ICYMI: Freddie fired, search for Port Clinton teen and new Ohio laws

CLEVELAND (WJW)– The news didn’t slow down just because of the holiday week. Here are the stories you might have missed while ringing in the new year.

Browns fire Freddie

We doubt you missed this story, but we’re just covering our bases. The Cleveland Browns fired head coach Freddie Kitchens after their loss to the Bengals on Sunday. The team followed up by also parting ways with general manager John Dorsey.

The search for Kitchens’ replacement is well underway and owner Jimmy Haslam said things will be different this time. Candidates include former Packers head coach Mike McCarthy, Patriots offensive coordinator Josh McDaniels and Vikings offensive coordinator Kevin Stefanski.

More on the current candidates here

A look back at Browns coaches since 1999 here

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Sports reporter killed in plane crash

Carley McCord, a former reporter for the Browns and Cleveland radio personality, was one of five people killed in a plane crash last weekend. The flight was heading to Atlanta for the Peach Bowl. She was also the daughter-in-law of LSU offensive coordinator Steve Ensminger.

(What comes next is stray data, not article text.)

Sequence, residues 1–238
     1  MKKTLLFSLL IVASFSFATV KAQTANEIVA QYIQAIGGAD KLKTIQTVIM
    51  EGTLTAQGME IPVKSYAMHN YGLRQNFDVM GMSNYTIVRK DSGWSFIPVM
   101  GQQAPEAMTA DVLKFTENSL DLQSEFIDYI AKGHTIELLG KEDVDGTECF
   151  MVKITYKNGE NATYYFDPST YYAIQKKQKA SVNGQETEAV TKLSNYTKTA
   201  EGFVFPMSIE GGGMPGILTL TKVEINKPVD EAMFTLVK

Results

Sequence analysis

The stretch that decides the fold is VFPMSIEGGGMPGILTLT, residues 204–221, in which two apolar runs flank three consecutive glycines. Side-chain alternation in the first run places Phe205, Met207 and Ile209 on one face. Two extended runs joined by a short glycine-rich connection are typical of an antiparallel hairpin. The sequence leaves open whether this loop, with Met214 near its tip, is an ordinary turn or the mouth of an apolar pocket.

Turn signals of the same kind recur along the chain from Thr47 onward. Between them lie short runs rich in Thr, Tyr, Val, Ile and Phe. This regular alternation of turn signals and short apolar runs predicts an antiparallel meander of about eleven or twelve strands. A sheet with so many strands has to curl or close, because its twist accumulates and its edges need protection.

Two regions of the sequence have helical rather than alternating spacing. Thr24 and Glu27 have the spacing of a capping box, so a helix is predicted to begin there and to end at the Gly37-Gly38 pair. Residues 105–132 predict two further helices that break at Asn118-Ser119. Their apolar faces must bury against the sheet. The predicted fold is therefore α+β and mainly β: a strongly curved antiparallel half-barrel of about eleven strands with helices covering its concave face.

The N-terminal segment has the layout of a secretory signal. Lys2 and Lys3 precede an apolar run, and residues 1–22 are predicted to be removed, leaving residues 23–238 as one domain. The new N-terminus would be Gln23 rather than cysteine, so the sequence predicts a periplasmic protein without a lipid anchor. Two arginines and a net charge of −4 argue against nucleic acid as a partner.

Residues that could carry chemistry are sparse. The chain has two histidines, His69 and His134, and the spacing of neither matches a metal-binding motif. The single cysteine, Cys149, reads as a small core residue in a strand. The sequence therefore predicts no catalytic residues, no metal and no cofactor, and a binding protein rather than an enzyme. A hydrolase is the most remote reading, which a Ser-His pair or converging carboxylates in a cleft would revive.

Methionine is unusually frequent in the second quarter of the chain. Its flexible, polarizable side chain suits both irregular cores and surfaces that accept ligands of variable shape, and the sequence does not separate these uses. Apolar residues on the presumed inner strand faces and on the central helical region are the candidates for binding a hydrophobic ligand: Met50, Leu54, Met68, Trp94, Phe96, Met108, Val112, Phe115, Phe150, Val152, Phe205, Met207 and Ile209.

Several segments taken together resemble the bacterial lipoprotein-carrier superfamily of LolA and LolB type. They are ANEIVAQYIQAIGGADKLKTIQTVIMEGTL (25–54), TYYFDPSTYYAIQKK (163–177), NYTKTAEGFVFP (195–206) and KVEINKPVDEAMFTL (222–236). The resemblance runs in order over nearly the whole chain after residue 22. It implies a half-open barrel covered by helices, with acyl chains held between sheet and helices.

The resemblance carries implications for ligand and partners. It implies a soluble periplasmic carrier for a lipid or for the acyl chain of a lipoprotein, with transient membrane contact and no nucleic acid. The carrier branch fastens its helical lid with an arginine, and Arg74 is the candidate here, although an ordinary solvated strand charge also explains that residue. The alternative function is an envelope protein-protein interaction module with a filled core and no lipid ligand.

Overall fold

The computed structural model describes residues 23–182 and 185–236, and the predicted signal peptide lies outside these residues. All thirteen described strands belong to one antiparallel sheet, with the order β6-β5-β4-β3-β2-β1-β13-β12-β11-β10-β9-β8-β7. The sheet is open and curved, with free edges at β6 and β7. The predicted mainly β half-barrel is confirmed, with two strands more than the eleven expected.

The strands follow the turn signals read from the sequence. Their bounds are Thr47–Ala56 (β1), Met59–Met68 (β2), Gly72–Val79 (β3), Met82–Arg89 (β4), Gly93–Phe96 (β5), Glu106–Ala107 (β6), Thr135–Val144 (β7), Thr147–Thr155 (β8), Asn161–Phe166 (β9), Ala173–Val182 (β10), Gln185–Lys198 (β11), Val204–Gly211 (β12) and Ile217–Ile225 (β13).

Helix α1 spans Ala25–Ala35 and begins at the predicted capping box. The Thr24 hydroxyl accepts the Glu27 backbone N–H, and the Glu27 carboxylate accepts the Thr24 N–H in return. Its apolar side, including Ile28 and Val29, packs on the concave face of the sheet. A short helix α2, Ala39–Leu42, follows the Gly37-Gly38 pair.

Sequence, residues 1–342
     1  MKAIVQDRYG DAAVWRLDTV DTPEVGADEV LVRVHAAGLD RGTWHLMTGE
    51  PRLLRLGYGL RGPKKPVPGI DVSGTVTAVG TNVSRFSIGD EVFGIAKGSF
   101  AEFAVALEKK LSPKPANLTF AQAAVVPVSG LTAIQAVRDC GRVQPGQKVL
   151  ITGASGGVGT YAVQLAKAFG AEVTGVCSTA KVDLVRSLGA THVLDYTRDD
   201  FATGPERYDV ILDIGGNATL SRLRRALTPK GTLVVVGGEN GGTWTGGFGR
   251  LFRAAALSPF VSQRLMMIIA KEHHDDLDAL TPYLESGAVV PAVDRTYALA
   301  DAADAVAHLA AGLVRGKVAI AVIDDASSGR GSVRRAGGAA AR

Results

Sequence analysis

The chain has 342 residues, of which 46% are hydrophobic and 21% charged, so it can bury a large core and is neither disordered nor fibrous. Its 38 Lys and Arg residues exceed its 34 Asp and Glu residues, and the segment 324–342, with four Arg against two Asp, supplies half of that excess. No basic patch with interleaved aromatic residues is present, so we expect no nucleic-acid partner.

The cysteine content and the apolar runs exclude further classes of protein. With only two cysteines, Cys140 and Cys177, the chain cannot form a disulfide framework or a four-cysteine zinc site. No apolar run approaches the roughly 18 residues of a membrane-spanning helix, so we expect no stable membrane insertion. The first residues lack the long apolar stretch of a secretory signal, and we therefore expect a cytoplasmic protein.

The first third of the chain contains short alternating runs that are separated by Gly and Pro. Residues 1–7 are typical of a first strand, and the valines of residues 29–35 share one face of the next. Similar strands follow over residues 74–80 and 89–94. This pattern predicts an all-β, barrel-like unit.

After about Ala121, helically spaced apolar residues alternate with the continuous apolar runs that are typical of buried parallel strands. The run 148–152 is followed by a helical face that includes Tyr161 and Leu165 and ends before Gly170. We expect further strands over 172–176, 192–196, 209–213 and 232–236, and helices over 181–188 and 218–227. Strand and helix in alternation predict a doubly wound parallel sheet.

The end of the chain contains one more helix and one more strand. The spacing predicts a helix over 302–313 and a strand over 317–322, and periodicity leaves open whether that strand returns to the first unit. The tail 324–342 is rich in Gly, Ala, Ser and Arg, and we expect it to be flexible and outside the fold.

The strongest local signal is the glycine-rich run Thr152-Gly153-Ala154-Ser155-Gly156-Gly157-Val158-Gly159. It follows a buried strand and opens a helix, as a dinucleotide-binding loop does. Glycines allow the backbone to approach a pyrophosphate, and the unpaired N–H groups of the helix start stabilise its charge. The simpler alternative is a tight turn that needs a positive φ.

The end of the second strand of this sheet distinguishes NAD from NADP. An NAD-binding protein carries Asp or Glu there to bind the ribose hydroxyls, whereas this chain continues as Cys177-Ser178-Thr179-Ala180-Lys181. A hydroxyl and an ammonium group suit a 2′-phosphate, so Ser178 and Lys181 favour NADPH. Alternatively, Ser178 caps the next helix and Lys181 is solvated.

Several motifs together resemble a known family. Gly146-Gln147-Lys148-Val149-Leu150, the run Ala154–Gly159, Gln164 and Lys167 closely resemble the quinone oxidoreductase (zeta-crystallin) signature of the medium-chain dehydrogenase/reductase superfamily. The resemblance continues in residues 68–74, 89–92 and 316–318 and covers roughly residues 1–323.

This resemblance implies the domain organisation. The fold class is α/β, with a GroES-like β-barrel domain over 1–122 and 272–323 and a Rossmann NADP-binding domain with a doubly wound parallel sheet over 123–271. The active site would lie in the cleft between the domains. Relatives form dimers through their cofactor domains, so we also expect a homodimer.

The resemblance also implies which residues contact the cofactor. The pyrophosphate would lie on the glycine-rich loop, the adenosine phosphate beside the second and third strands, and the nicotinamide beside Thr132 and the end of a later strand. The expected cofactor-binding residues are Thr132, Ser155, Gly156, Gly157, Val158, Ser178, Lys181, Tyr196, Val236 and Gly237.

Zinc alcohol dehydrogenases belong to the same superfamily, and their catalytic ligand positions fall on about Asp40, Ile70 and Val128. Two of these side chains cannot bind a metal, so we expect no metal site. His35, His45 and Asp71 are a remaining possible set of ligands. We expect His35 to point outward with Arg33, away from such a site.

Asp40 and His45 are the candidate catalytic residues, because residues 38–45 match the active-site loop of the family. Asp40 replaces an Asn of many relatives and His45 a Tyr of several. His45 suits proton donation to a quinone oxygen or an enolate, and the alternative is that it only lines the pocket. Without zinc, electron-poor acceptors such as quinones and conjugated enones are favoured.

“She did so much for women in sports, she did so much stuff for everybody. She kept in touch with me, kept in touch with my kids,” said Glenn Anderson, afternoon drive-time host of Star 102. Anderson worked with Carley on the morning show during her time in Cleveland.

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Search goes on for Port Clinton teen

Harley Dilly, 14, was last seen on Dec. 20. Federal, state and local authorities continue searching for the missing teen.

Anyone with information is asked to call the Port Clinton Police Department at 419-734-3121 or the National Center for Missing and Exploited Children at 800-843-5678. There is a reward available.

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New Ohio laws

The year 2020 brings a slew of changes in the state of Ohio. Cuyahoga County's plastic bag ban began the first of the year, except in Brooklyn and Cleveland. On April 1, feminine products will no longer be taxed. And the front license plates go away on July 1.

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Don't abbreviate '2020'

Speaking of 2020, here's a word of caution. A police department in Maine suggests writing out "2020" when signing and dating legal documents. Then it can't be modified to read a different year.

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